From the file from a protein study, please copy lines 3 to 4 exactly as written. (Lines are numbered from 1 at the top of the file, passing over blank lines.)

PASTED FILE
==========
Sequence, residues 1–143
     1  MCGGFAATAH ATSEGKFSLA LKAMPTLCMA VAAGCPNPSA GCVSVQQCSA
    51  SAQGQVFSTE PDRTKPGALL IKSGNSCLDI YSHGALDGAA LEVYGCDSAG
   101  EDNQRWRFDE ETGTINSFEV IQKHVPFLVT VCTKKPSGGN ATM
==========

    51  SAQGQVFSTE PDRTKPGALL IKSGNSCLDI YSHGALDGAA LEVYGCDSAG
   101  EDNQRWRFDE ETGTINSFEV IQKHVPFLVT VCTKKPSGGN ATM